Aside from reclamation projects by San Miguel Corporation in Bulacan and the Revilla’s in Cavite, fishermen are being thrown out of their livelihood, and cited a study they conducted that says 70% of their daily earnings have been slashed since the government started importing huge volumes of fish.
“Sa pagbaha ng imported na isda sa mga pamilihan, lalong malulugi ang mga mangingisda sa pambabarat ng presyo ng kanilang produkto,” Pamalakaya added.
(With the overflowing of imported fish in the market, fishermen are bound to lose because their products are being lowballed.)
Which is why, Pamalakaya is calling on the Marcos Jr. administration to provide a P15,000 production subsidy, and the junking of the fisheries code.
Teachers’ salary upgrading, educational reforms
In a petition letter submitted on Thursday (July 21) by 20 teachers representing the sector and signed by a total of 200 teaching and non-teaching personnel organizations, teachers’ group the Alliance of Concerned Teachers (ACT) Philippines demands from the Marcos Jr. administration the long-overdue salary upgrading of teachers and some reforms in the education sector, including the overhauling of the K to 12 educational system.
Citing the recent Pulse Asia survey that says more Filipinos are dissatisfied with K-12 than those who are satisfied, they say that part of this problem is the fact that teachers are not getting paid enough, forcing them to take odd jobs, or other part-time jobs instead of focusing on their profession as educators.
The teachers’ group laid down their demands in 10 points, which include doubling the budget of the education department to hire more teachers and cut class size to around 35 per section and non-teaching personnel to unburden teachers of too much administrative duties and paperwork, provide the necessary learning equipment to ensure quality teaching and education, bringing back subjects like Philippine History as required subjects in high school and tertiary education, improve the benefits of teachers who are SSS and GSIS members, among many others.
The group also decried the “overkill” deployment of more than 20,000 troops on the day of the SONA and the billions of pesos spent in preparing, which could’ve been used instead to increase the salary of teachers or ensure a safe back-to-school program.
“More than 21,000 police force, not counting soldiers and other force multipliers, will be mobilized to prevent protest actions that will only air the just demands of the people in the face of the economic crisis we are enduring,” Vladimer Quetua, ACT’s chairperson, said.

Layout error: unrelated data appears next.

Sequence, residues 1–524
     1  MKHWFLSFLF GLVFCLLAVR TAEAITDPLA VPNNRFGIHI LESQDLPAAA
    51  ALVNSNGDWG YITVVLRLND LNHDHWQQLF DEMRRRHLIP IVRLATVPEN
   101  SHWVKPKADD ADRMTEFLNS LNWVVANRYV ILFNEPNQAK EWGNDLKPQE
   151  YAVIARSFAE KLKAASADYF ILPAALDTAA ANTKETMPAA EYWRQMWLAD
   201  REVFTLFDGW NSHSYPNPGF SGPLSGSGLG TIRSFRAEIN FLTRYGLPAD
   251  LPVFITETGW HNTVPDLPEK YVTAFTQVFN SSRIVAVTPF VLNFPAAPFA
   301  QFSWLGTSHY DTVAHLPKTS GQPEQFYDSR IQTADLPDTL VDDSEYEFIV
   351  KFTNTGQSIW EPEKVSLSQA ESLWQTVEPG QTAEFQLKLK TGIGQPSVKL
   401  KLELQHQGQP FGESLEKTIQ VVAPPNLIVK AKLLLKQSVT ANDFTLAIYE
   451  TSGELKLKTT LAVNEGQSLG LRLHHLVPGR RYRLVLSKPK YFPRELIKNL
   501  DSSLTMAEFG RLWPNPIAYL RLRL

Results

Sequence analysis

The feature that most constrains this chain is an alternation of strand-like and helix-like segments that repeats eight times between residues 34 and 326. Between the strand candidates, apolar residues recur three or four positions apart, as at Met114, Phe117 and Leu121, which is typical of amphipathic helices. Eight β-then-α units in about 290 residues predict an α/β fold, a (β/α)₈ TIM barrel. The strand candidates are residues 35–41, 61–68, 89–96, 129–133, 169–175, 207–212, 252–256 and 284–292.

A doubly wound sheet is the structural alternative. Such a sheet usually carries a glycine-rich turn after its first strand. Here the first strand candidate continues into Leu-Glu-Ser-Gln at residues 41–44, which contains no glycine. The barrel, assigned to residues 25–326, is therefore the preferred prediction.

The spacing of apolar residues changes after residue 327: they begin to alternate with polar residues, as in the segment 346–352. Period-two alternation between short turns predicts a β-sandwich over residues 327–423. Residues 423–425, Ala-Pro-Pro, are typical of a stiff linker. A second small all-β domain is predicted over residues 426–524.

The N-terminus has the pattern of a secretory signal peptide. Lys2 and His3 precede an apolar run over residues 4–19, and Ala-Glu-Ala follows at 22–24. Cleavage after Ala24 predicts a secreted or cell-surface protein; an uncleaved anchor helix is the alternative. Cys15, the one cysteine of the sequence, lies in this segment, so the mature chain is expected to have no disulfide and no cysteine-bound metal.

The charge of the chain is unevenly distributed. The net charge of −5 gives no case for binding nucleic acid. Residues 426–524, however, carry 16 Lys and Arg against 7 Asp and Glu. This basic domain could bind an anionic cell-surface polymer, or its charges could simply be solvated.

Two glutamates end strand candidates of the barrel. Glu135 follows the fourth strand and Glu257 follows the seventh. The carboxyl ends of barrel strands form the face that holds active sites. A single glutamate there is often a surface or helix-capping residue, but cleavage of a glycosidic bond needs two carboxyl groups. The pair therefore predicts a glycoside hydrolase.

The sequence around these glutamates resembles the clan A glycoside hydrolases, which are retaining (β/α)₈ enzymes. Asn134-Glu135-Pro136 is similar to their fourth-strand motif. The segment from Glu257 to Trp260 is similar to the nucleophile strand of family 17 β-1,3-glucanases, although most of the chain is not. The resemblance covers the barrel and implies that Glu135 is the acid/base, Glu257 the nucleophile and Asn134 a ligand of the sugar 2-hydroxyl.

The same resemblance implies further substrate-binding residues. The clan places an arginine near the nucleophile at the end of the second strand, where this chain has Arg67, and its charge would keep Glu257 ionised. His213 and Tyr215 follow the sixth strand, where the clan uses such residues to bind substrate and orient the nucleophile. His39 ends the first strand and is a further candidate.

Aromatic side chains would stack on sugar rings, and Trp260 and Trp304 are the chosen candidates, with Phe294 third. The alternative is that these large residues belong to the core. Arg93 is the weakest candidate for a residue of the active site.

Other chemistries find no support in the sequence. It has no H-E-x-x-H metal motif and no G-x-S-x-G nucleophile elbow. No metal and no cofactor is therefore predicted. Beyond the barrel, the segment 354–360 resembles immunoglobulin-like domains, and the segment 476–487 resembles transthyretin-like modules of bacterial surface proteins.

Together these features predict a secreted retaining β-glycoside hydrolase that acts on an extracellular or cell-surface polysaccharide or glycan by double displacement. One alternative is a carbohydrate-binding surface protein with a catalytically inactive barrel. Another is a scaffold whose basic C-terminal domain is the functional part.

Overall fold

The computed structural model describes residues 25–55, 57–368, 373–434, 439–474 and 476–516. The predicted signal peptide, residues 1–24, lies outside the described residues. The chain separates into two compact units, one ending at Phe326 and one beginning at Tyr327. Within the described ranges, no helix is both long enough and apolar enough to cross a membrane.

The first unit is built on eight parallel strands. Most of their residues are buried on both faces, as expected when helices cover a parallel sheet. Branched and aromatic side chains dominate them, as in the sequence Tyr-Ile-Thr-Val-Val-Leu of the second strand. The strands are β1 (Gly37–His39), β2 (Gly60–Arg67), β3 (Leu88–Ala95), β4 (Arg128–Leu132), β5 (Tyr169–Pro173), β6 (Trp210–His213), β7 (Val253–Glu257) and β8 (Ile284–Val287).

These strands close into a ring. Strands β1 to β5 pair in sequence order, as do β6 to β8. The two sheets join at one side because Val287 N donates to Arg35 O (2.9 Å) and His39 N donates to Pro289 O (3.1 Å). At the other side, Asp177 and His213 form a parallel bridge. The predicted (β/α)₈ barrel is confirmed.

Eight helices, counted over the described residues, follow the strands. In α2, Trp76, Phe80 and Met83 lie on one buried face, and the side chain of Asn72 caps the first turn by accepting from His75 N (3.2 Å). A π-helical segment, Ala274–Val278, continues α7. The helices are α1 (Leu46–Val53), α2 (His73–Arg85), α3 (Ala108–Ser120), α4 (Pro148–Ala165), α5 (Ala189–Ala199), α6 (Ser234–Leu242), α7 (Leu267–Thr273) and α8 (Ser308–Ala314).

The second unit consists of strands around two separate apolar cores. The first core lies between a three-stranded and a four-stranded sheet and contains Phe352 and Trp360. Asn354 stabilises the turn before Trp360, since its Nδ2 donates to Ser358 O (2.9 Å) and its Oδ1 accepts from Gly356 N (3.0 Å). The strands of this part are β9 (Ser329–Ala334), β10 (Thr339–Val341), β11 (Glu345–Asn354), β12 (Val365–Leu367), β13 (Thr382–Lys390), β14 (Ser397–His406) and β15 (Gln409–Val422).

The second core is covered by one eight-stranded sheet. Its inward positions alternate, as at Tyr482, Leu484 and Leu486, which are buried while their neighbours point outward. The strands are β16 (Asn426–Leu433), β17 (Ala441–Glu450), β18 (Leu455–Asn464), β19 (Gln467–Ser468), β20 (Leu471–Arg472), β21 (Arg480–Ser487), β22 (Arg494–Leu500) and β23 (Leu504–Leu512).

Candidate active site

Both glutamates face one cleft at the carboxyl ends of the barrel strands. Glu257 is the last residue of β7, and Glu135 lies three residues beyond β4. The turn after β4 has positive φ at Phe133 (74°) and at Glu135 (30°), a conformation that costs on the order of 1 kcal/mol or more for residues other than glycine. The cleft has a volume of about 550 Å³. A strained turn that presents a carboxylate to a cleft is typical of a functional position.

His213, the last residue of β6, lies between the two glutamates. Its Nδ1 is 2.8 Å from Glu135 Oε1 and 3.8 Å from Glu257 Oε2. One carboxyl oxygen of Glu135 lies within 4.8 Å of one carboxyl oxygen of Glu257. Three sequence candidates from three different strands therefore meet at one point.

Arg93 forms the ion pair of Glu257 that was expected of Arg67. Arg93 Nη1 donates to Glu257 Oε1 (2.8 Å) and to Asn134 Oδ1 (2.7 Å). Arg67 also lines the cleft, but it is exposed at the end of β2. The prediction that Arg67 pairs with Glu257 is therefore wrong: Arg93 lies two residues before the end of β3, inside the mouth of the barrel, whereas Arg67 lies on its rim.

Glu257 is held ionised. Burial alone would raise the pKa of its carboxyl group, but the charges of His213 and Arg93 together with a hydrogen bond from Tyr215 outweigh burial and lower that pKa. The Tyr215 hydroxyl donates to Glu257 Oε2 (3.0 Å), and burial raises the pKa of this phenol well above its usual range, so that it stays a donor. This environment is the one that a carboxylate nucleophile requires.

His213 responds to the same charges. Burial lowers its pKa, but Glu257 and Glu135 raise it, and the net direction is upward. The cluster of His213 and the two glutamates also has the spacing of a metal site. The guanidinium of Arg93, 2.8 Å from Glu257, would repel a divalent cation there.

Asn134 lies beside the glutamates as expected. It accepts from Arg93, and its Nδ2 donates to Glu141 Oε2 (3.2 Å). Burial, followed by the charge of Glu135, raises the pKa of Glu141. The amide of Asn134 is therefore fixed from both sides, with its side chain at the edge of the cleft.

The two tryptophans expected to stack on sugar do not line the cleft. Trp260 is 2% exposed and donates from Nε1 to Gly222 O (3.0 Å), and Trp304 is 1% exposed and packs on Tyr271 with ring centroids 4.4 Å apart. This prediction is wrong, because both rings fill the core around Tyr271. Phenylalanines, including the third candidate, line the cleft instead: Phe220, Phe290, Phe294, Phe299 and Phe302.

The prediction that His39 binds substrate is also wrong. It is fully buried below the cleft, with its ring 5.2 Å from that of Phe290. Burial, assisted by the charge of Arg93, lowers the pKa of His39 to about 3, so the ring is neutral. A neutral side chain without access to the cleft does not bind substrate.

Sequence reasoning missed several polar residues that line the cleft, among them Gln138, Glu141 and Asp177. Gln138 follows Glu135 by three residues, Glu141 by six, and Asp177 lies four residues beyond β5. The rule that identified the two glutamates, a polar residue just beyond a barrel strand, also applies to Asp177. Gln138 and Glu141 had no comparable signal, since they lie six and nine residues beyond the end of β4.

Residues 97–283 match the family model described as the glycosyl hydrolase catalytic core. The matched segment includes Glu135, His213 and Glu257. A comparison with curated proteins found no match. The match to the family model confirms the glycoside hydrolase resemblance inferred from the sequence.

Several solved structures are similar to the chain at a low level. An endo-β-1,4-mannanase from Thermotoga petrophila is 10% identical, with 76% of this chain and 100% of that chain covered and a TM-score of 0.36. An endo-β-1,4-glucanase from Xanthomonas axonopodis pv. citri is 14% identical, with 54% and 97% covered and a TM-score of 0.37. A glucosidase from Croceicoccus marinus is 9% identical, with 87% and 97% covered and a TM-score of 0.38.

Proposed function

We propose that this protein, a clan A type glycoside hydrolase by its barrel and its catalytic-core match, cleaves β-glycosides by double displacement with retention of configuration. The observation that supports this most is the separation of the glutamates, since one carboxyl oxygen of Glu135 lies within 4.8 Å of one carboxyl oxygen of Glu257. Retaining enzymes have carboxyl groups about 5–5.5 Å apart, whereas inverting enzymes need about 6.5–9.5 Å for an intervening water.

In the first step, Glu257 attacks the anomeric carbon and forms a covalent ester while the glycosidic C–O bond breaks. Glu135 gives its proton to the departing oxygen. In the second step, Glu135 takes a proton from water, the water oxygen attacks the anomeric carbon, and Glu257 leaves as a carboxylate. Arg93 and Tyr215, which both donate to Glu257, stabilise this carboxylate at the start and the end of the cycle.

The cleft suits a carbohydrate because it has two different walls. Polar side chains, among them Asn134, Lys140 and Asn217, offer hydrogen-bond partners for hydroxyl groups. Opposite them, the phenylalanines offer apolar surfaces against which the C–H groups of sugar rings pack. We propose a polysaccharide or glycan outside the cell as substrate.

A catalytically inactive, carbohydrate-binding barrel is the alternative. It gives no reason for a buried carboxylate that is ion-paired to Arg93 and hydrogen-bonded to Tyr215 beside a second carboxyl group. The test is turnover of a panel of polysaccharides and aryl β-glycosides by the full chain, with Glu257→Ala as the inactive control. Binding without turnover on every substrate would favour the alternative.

Safe reopening of schools, providing aid to students
In a virtual press conference held on Saturday (July 24), the youth sector, represented by Kabataan Partylist Rep. Raoul Manuel, and other youth and student leaders from different colleges and universities nationwide as well as members of mass organizations, are calling on the administration of President Marcos to certify as urgent the bills on the safe reopening of schools and P10,000 aid to students.
The Safe School Reopening Bill and Emergency Student Aid and Relief Bill were filed last year by Manuel’s predecessor, former Rep. Sarah Elago.
“Ito ang dapat i-certify as urgent ni Marcos Jr. kung gusto niyang magkaroon ng pondo para maging ligtas ang plano nilang pagbubukas ng mga campus,” Manuel said.
(These bills are what Marcos Jr. should certify as urgent if he wants adequate funds for a safe reopening of schools.)
“Hindi pwedeng salita lang, dapat may pondo at aksyon,” he added.
(Mere words aren’t enough, there also must be funds and action.)
Manuel also said that instead of mandatory ROTC, the government should instead prioritize bringing back Philippine History, Filipino, Panitikan (Literature) and Constitution subjects in high school and in college “if we want the youth to be more nationalistic.”
The lone representative of youth in Congress is also calling on the Marcos government to implement a moratorium on tuition fee increases and collection of exorbitant fees, and to prohibit police and military forces within the school premises, among others.
“Ayaw natin sa SONA na puro rhetoric tungkol sa ‘unity.’ Ayaw natin sa SONA na iiwas sa katotohanan sa datos at sa aktwal na nararanasan ng mga naghihirap na Pilipino…” Manuel said.
(We don’t want a SONA that rehashes rhetoric on ‘unity.’ We don’t want a SONA that denies factual data and the lived experiences of struggling Filipinos.)
Marvin Joseph Ang is a news and creative writer who follows developments on politics, democracy, and popular culture. He advocates for a free press and national democracy. Follow him on Twitter at @marvs30ang for latest news and updates.